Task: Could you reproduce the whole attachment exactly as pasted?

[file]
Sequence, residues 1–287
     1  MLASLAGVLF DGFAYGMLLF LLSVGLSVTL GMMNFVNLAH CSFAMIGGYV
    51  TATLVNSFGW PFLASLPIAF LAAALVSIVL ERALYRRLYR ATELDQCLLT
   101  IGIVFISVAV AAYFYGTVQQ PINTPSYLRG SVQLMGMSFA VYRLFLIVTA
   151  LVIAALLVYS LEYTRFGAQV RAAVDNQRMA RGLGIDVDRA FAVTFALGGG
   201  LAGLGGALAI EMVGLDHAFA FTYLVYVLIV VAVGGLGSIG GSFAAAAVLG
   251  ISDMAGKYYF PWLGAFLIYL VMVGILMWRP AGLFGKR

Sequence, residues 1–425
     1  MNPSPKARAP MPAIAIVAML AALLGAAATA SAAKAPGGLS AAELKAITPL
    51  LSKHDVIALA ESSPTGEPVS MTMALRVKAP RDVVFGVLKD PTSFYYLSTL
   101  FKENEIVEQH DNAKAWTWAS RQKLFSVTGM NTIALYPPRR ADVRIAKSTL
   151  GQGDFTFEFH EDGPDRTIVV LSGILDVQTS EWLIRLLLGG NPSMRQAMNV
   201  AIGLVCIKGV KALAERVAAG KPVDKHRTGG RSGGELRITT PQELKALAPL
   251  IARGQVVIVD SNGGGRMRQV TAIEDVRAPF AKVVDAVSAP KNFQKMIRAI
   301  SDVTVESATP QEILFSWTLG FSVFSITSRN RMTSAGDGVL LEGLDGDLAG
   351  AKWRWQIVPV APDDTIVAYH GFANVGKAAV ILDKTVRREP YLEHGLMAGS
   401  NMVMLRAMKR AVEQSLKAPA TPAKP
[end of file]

Sequence, residues 1–287
     1  MLASLAGVLF DGFAYGMLLF LLSVGLSVTL GMMNFVNLAH CSFAMIGGYV
    51  TATLVNSFGW PFLASLPIAF LAAALVSIVL ERALYRRLYR ATELDQCLLT
   101  IGIVFISVAV AAYFYGTVQQ PINTPSYLRG SVQLMGMSFA VYRLFLIVTA
   151  LVIAALLVYS LEYTRFGAQV RAAVDNQRMA RGLGIDVDRA FAVTFALGGG
   201  LAGLGGALAI EMVGLDHAFA FTYLVYVLIV VAVGGLGSIG GSFAAAAVLG
   251  ISDMAGKYYF PWLGAFLIYL VMVGILMWRP AGLFGKR

Sequence, residues 1–425
     1  MNPSPKARAP MPAIAIVAML AALLGAAATA SAAKAPGGLS AAELKAITPL
    51  LSKHDVIALA ESSPTGEPVS MTMALRVKAP RDVVFGVLKD PTSFYYLSTL
   101  FKENEIVEQH DNAKAWTWAS RQKLFSVTGM NTIALYPPRR ADVRIAKSTL
   151  GQGDFTFEFH EDGPDRTIVV LSGILDVQTS EWLIRLLLGG NPSMRQAMNV
   201  AIGLVCIKGV KALAERVAAG KPVDKHRTGG RSGGELRITT PQELKALAPL
   251  IARGQVVIVD SNGGGRMRQV TAIEDVRAPF AKVVDAVSAP KNFQKMIRAI
   301  SDVTVESATP QEILFSWTLG FSVFSITSRN RMTSAGDGVL LEGLDGDLAG
   351  AKWRWQIVPV APDDTIVAYH GFANVGKAAV ILDKTVRREP YLEHGLMAGS
   401  NMVMLRAMKR AVEQSLKAPA TPAKP